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Old 03-08-2013, 02:08 PM   #41
Chris
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Quote:
Originally Posted by SportinOne View Post
I mean.. that's a pretty logical assessment. You go into the money business to make money. Some people REALLY like numbers, i'm not even sure where they fit in with this.. Some people don't need deeper meaning than a bottom line. To each their own, but there exits a good amount of data on the role of money in happiness and contrary to the old adage, it can afford you some happiness/well-being, but only to the extent that it allows you to cover your basic needs and have a decent amount of financial security. After that, the increase in wealth has a negligible effect on happiness/well being. Just some food for thought.. to maybe chew on while you find yourself striving to make some sort of crazy income. You may ask yourself, why do I care? That's a good place to start.
Totally agree. And you'll always finding yourself wanting more. I think what I neglected to mention was the fear of not having money driving people to finance. That's a ****tier way to be than just wanting money because it pushes you away from pursuing whatever it is that might actually make you happy.

I wrote this related rant on quora a while back.

Quote:
On "Is getting rich worth it?"

This is a long way of saying I donít know the answer to your question but I think about it a lot.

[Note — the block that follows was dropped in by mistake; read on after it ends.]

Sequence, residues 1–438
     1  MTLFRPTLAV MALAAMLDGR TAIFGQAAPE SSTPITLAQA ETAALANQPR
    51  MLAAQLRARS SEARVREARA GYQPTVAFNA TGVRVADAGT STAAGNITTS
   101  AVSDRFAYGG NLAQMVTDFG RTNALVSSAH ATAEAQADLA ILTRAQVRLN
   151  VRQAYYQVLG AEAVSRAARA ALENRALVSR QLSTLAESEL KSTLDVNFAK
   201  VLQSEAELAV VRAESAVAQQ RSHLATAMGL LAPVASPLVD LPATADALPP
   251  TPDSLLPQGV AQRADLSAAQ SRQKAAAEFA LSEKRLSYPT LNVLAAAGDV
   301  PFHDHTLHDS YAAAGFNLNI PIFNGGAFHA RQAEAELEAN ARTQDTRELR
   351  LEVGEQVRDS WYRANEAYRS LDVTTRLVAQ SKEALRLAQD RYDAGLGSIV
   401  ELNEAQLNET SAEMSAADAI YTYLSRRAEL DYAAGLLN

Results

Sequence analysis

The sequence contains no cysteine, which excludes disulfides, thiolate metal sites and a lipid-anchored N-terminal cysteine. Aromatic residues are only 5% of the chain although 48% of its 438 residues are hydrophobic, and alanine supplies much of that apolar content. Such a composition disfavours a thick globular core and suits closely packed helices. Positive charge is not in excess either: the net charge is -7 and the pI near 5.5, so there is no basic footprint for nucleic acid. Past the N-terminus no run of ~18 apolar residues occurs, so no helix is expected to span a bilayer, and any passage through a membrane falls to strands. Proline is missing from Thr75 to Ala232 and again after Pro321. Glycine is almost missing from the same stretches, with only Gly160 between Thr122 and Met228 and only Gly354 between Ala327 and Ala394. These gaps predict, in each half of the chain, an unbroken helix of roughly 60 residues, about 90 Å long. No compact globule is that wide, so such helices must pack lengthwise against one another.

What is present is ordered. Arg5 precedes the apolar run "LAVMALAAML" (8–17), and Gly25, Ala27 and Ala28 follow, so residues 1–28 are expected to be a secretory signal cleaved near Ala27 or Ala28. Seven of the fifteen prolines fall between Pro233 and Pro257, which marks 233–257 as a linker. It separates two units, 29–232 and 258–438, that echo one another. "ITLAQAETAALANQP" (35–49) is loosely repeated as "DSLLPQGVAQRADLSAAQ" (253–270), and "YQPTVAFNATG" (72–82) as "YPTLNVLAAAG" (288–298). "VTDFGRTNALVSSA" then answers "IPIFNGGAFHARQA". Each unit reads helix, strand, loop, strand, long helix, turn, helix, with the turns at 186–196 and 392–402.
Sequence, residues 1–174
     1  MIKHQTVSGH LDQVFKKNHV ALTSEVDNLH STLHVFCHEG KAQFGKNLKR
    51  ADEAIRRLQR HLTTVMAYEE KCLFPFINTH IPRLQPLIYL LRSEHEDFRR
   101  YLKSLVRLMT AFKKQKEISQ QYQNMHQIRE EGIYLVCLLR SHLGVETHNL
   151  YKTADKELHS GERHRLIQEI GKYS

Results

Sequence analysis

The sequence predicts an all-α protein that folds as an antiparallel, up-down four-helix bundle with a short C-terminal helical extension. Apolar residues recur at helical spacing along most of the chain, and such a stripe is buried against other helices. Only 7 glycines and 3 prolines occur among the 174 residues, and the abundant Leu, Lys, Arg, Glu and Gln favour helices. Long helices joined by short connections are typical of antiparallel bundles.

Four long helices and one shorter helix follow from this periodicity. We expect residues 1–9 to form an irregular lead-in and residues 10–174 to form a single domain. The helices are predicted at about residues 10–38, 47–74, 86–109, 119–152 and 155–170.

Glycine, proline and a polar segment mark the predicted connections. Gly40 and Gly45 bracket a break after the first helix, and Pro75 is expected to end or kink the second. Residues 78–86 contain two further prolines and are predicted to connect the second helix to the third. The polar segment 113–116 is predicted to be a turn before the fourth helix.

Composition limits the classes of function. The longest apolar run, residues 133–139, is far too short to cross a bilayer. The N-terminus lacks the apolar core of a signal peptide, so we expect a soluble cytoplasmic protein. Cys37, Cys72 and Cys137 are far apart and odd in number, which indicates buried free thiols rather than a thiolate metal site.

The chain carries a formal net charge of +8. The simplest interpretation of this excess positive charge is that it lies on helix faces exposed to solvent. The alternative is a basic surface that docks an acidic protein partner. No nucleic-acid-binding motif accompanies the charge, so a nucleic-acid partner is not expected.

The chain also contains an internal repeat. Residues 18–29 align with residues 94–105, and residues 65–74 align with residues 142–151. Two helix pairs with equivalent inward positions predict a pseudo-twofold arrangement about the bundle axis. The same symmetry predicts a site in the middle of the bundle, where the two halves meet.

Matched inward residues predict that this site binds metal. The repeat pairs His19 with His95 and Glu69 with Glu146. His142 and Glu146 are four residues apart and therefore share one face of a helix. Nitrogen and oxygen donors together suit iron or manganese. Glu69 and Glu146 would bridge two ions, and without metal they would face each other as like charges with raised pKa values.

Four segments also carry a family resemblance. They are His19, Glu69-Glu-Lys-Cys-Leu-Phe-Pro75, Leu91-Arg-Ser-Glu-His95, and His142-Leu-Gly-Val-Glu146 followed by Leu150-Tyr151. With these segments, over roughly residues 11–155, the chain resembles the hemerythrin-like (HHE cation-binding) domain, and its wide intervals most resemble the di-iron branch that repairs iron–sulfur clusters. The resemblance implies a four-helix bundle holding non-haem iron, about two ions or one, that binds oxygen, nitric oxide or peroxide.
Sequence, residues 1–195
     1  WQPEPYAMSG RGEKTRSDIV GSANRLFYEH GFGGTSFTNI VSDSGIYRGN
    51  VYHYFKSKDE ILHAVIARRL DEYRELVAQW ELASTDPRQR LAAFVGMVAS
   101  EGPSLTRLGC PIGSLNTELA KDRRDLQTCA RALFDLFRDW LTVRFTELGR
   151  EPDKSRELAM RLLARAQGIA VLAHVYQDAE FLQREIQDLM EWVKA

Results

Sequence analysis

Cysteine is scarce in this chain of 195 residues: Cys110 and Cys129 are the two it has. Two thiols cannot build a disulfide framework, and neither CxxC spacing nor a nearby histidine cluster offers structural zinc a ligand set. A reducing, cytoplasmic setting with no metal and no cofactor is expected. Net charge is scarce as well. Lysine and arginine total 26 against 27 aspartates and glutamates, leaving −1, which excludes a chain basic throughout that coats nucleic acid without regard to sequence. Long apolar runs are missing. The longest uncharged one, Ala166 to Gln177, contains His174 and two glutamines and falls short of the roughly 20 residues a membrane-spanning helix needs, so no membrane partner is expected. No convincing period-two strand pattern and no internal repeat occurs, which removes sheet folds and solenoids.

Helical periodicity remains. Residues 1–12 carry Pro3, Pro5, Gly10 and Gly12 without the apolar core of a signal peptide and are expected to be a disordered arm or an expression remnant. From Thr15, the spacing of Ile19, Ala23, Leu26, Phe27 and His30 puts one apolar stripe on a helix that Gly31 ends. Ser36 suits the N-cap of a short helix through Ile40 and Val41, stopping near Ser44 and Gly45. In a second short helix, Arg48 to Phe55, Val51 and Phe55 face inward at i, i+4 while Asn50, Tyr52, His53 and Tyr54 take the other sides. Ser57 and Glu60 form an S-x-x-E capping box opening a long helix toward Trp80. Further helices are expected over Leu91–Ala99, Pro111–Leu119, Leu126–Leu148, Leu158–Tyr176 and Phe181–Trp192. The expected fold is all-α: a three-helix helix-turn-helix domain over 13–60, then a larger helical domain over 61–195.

I donít have a lot of money but Iím willing to guess ďAnon UserĒ is in the minority. He seems like a typical example of what happens when people get a lot of money before theyíve taken the time to figure out who they are and what they care about. I could think of a lot of things Iíd do with a large sum of money because Iíve taken the time to explore what matters to me independent of it. Of course, thatís easy for me to say as someone that doesnít currently have much and may never. As an aside, Iím always slightly bothered by situations where any form of elevated status is attributed to me, like a bell boy my age calling me ďsirĒ at a hotel, as it reeks of artificiality. The respect wasnít earned and it wasnít felt by the person giving it. One day I would hope to do something other than handing over some cash to warrant a sir. I know others who live for this ďvalidationĒ but to me thatís just one small part of the bubble that money can create around people that removes them from a sense of shared humanity.